LAKE BUENA VISTA, Fla. -- Eight months after signing a six-year contract extension that was described by chairman Bill DeWitt Jr. as a way to ensure Stephen Piscotty would be "a fixture in a Cardinals uniform," the outfielder's tenure in St. Louis has come to an end.The Cardinals, in an
LAKE BUENA VISTA, Fla. -- Eight months after signing a six-year contract extension that was described by chairman Bill DeWitt Jr. as a way to ensure Stephen Piscotty would be "a fixture in a Cardinals uniform," the outfielder's tenure in St. Louis has come to an end.
The Cardinals, in an effort to continue clearing their outfield surplus, traded Piscotty to the A's on Thursday for Minor League infielders Yairo Munoz and Max Schrock.
Drafted out of Stanford University in 2012 with one of the two compensation picks the Cardinals netted upon Jose Pujols' departure, Piscotty has been the Cards' starting right fielder since he debuted in July 2015. But his fit -- and circumstances -- changed unexpectedly last season.
After signing a $33.5 million contract in April, Piscotty never found much offensive traction. He tried making various changes to his swing and even returned to Triple-A in an effort to reset. Neither offered the jump-start he needed.
A year after hitting .273/.343/.457 with an .800 OPS, 22 homers and 85 RBIs in 2016, Piscotty slashed .235/.342/.367 with a .708 OPS, nine homers and 39 RBIs.
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What's impossible to calculate, though, was how much his personal situation might have affected performance. In May, Piscotty learned that his mother, Gretchen, had been diagnosed with ALS. This trade will give Piscotty the chance to play just miles away from his family in Pleasanton, Calif.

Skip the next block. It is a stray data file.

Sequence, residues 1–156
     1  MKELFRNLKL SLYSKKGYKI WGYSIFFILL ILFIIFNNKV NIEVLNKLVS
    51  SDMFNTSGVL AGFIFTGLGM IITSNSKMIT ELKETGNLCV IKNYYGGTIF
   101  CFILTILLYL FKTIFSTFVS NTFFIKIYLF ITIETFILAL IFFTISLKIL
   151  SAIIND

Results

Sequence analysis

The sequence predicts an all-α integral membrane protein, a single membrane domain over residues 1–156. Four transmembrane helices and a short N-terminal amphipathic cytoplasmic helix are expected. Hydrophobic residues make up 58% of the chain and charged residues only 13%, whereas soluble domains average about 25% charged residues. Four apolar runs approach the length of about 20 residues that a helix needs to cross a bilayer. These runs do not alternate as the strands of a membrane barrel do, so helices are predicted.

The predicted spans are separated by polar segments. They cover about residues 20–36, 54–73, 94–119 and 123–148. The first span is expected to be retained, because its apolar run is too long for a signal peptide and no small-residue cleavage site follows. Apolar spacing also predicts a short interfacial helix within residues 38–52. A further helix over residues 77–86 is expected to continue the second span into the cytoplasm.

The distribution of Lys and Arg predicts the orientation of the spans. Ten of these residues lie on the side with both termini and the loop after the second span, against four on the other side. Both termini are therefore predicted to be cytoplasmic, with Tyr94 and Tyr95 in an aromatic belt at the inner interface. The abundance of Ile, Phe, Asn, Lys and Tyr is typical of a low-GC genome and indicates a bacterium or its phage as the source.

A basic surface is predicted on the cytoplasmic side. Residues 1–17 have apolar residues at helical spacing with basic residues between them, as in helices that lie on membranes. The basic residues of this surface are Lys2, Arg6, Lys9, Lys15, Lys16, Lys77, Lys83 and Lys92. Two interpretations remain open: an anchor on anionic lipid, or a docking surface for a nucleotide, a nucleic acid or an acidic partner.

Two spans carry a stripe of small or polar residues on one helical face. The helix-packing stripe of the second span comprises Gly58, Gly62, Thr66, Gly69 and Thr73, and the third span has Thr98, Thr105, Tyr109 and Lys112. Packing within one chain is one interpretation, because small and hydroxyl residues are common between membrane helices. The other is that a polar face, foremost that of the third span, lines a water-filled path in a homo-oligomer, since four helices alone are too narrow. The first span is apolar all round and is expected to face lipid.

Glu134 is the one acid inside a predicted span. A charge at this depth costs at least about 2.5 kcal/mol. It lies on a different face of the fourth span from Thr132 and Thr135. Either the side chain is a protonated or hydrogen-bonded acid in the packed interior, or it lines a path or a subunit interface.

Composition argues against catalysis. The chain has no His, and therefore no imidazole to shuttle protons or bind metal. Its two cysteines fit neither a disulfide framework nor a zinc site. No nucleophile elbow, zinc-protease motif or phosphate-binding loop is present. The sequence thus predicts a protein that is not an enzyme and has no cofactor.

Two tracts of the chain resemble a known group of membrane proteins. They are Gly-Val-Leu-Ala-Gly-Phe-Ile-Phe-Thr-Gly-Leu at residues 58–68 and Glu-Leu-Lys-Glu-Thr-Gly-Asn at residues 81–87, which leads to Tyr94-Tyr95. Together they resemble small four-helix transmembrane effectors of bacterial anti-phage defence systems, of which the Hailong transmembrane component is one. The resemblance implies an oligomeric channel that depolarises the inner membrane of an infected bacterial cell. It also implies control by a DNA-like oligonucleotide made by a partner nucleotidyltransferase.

That wasn't the impetus behind the Cardinals' decision to trade Piscotty to Oakland. But it also wasn't ignored.
"In fairness, it's really two-fold," said John Mozeliak, Cardinals president of baseball operations. "One, we look at our outfield, and there's definitely congestion. And clearly, an opportunity to get him closer to home was something we were also thinking about. But you're never making a player trade simply for geographic or sentimental reasons. It had to be something that made sense for us.
"There were certainly some opportunities to move him elsewhere, and when you're looking at how to break a tie, clearly that did play into it."
Mozeliak, who spoke to Piscotty about the move, described the outfielder's reaction to the news as "bittersweet."
"He liked being a Cardinal, liked playing in St. Louis," Mozeliak said. "And certainly [he] wanted to prove last year was an outlier."
This wasn't the first time Piscotty's name had surfaced in talks between the two clubs. Just months ago, the Cardinals appeared willing to deal him in a trade for Sonny Gray, who was eventually dealt to the Yankees. Piscotty became even more expendable after the Cards reached an agreement to acquire Marcell Ozuna earlier this week.
Piscotty no longer had a certain starting position in St. Louis, and the Cardinals had an outfield logjam to clear. Other outfielders could still be on the move, Mozeliak acknowledged.
While addressing its outfield clutter, the Cardinals were also able to upgrade their infield depth. Munoz gives the club an above-average defender who can play multiple positions, including shortstop. With Aledmys Diaz no longer in the organization, the Cards had been eyeing ways to protect themselves at that position.
"The scouting reports on him are very strong," Mozeliak said. "We think he's a nice fit."
Munoz, who enters 2018 with Minor League options still remaining, reached as high as Triple-A last season. In 112 games combined between Double-A and Triple-A, the 22-year-old slashed .300/.330/.464.
It was the offensive profile that drew the Cardinals to Schrock, who posted an .801 OPS and a .321/.379/.422 slash line in Double-A last year. He does not have to go on the Cards' 40-man roster immediately, and St. Louis considers him a defensive option at third, second and in the outfield.
"Everywhere he's been, he's hit," Mozeliak said. "When you're looking at all the different things you're trying to do, it's nice to be able to find a couple players that we can just stick right into Double-A and Triple-A and know that they're going to be productive."
Jenifer Langosch has covered the Cardinals for MLB.com since 2012, and previously covered the Pirates from 2007-11. Follow her on Twitter and Facebook.